The English philosopher Jane Austen saw and did what others were unable to see and to do: she wrote six excellent novels in a tone of high seriousness. Because of this, she can be classified with Plotinus. I call a serious tone that which is most just, which has its object clearly in view and approaches it in such a way as to apprehend it best. This road leads to immediate contact with the object of understanding, rather than mediate understanding which is more diffuse and therefore not quite as serious. Seriousness of tone, therefore, is a matter of epistemology.
Mansfield Park is a novel about the discernment and apprehension of goodness of character—the epistemology thereof, if you will. It is a novel about the invisibility of character and about how, as a consequence, it must be perceived. One can say it is a novel about education, in the spoiled education of Maria Bertram, the inexact, but ultimately better education of Julia Bertram, and the providential education of Fanny Price, whose limitless humility without seeking to show displays in all of the adversities and disadvantages she undergoes a sweetness of temper, a purity of mind, and an excellence of principles beyond that of all the other women. But the point is to apprehend the outcome of each education, and in doing so to discern the causes.
We are led through the pages of this, Jane Austen’s longest novel, in order to discern what is truly valuable in the character of any human being in absolute terms. That is one reason I call Jane Austen a philosopher—in the more ancient sense of the term. Along the way we also learn what it is that blinds human beings to the apprehension of these valuable things. We learn as well how these rare, valuable qualities are not of the sort which consciously promote themselves. Hence one of the difficulties in discerning them: they are like jewels that need to be mined in acquaintance, friendship, and discerning thought. This novel’s vision is one of character and morality quite the opposite of our contemporary notions, and as such, very necessary. It is a vision opposed to all unexamined notions since it is one provided as a view through a window of examination. Nobody can deny that Jane Austen provides a sustained vision of civilization; and in our times, a rare glimpse it is.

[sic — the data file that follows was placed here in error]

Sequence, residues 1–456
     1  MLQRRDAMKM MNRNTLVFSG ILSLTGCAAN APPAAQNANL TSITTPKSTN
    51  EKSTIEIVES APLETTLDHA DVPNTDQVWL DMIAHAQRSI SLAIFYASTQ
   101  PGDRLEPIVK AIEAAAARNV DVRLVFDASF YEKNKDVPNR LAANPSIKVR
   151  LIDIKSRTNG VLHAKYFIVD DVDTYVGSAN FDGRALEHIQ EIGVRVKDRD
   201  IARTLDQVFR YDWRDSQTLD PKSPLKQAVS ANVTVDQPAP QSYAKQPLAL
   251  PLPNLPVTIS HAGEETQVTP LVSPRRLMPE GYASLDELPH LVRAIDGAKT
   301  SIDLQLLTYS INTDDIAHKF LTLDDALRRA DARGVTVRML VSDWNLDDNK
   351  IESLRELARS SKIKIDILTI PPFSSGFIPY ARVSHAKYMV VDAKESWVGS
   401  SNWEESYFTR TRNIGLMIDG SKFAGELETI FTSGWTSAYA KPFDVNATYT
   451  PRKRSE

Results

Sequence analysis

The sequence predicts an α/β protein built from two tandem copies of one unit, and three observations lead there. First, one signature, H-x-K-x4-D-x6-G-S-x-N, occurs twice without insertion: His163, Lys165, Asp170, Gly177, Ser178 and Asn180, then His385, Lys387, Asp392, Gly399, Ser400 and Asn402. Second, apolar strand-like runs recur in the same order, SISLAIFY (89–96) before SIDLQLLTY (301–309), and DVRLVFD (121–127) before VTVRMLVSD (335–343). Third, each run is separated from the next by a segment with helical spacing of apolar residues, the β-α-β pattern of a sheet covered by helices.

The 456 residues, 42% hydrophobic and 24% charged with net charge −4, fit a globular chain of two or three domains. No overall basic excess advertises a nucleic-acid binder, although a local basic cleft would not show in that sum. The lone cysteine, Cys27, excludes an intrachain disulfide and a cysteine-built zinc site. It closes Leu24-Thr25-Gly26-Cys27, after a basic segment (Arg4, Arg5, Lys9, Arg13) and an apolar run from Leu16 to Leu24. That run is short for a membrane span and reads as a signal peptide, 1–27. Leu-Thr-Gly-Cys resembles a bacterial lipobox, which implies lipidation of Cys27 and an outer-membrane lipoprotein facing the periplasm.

Civilization does not reside externally, but it is best discerned in that which the novel does: in the inward part of the perceiving subject. The novel is a way of bringing us into the mind of a person, into the subjectivity, or better, immediacy of one perceiving the outward world in all the color of thought and feeling. Civilization obtains when persons share an ordered and harmonious music produced by thought and feeling about their surroundings which is in tune. When Fanny Price goes back to Portsmouth, the absence of civilized life and the impossibility of it in the city is keenly felt. This is a most philosophical observation on the part of Jane Austen.
No literate Anglophone should life without making and acquaintance with the mind of Jane Austen, that bright and observant person, a true genius. Her vision is sustaining, her intelligence refreshing, and her morality is unerring. What could be better? It is only the philistine who is cut off from the prolonged pleasure and deft instruction that this great English philosopher has left to us in her six incomparable works. It is hard to say, apart from Northanger Abbey, which is the greatest because they are all so good. Personally, I rate Mansfield Park as one of the best, as a bookend to Emma.